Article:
Blogma

Intro to Physical Computing
Fall, 2003
Jeff Feddersen

Week 9


Some people came over for Halloween. I live on King St. just off 6th Ave. (Avenue of the Americas for you tourists) and have a good vantage point from which to see the Village Halloween Parade.
At one point, there were four kids in my living room, with the parents all out on the fire escape. To entertain the kids I showed them my physical computing projects. Scout, the 7-year-old girl, was dressed as, as she explained, a "half-robot half-cat". We briefly discussed the Island of Dr. Moreau, then I showed her my robot monster hand from last Friday. She held it carefully, then looked up at me and said, "Oh. You're an inventor."
I've never felt so proud.

Then I put on the Wallace and Gromit video. My one babysitting technique is to always have some cartoons at hand. That, and lots of NyQuil on hand.


The company with which I have a consulting gig, ACM (The Association for Computing Machinery) had their servers hacked on Halloween. They're an obvious target for script-kiddies. But dealing with the mess has been a pain in the butt. The IT guys had the real hard work, but they've since implemented a bunch of security measures without telling anyone what they are. So when our scripts no longer run, we have to figure out which library is missing, or whatever.


I have the dreaded Red's Class Presentation next Tuesday, so this week I guess I'll have to focus on that at the expense of my other classes. It's odd that ITP has such a cult of personality with Red Burns. In industry it would be seen as a bad thing to have the visionary still at the helm after 25 years.


My brain is now officially full. The only way I can learn anything more is if I forget something else first. Unfortunately, I'm not able to selectively forget (if I could erase my knowledge of the complete lyrics to the Gilligan's Island theme song, I would be able to learn maybe two or three new facts about electronics) What would be really nice would be to have a month or six weeks to implement what we've learned so far. Then we'd have a better platform and context from which to absorb new ideas and information.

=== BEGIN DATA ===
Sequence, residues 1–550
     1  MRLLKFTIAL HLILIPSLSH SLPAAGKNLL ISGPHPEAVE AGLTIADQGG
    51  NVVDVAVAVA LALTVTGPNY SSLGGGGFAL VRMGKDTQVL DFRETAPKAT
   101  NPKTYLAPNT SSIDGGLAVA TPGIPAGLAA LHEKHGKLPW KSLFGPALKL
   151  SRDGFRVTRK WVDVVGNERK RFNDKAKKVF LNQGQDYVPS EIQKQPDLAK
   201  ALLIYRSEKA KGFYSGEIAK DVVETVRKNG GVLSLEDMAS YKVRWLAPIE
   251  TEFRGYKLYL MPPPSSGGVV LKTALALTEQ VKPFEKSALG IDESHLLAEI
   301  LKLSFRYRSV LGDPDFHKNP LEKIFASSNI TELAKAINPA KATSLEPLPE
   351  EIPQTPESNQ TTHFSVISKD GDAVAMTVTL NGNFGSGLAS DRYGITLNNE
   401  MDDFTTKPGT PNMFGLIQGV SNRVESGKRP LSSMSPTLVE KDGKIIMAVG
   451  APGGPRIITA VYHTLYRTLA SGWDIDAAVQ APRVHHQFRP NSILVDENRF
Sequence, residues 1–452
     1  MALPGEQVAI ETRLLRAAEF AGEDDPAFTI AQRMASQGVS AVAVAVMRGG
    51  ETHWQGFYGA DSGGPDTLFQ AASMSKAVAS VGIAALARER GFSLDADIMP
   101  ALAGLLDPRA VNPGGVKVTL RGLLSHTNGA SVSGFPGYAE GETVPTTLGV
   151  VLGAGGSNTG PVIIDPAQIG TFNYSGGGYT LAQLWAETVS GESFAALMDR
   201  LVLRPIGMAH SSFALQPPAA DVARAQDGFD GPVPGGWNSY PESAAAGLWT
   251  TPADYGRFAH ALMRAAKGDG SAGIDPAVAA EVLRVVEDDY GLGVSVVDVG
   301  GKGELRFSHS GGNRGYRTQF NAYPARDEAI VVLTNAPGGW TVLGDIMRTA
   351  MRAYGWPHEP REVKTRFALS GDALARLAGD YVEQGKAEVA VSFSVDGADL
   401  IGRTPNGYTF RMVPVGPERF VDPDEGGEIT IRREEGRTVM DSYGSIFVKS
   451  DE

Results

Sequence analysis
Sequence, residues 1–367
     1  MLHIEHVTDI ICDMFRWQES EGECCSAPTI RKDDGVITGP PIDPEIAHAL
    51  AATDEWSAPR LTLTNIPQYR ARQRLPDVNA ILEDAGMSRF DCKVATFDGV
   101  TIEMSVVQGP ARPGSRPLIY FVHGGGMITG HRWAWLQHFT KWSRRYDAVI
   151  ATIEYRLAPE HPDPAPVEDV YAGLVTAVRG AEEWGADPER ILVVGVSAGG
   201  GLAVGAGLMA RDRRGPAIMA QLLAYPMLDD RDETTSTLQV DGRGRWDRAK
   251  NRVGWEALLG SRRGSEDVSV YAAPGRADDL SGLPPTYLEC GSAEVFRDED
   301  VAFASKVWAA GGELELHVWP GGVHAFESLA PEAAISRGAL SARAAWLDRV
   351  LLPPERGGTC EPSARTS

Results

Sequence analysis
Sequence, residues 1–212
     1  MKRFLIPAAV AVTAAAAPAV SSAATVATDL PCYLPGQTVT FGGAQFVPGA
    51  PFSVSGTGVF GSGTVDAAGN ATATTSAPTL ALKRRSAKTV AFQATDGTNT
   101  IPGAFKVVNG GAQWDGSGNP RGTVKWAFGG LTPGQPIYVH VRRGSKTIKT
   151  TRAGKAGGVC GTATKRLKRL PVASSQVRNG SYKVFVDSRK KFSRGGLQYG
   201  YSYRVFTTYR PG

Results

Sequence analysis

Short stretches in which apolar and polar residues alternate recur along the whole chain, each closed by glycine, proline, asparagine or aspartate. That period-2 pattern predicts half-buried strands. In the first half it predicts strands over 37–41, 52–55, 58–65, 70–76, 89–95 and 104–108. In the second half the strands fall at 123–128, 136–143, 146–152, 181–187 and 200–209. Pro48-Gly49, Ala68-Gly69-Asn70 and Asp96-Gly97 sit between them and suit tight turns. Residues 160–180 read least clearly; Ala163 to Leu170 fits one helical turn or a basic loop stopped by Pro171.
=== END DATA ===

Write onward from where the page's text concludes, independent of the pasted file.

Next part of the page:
I didn't do the lab assignment for this week (the serial stuff). But I worked with some other people (looked over their shoulders while they explained what they had achieved) in the lab. Some people were getting smiley faces and hearts and stuff, while others were getting actual numbers. I assumed that the special charcters were because of a baud rate mismatch, like what was demonstrated in class, but even when everything was set to 9600, some people still got the smilies.


Part of me regrets not doing more this week, but then I realize that this week's journal, although short, is still longer than some other students' journals, with all their weeks combined.


Next week I have to do the tech presentation. I sure hope Matthias and Koichi have the initiative to work without my leadership. I'm not going to be able to put in much time before Wednesday of next week.


I looked at the web server log for these journals. They've gotten hundreds of hits in the past few weeks. I look at them to make sure they uploaded properly, and Jeff must look at them once a week, so there must be lots of other students getting something out of these. I say to you all: "Hello World!"


This collaboration stuff is interesting mostly because of the social dynamics. Only after working with someone can I realize who's the slacker, the neurotic, or the prima donna. I have a slight problem in holding on to my ideas even after I realize they're no longer appropriate, but I think I have that under control. Some of the best advice I've gotten regarding writing is "kill your babies" meaning that just because you love some little piece of crud you made, you should be able to discard it and move on. I knew one illustration professor who made his students rip up their homework at the end of each class.

In terms of final projects, I'm beginning to get a sense of who I may want to collaborate with and whom to avoid. At despair.com they have a quote: "The only constant factor in all of your failed relationships is you."



Matt Slaybaugh
ms171 at nyu.edu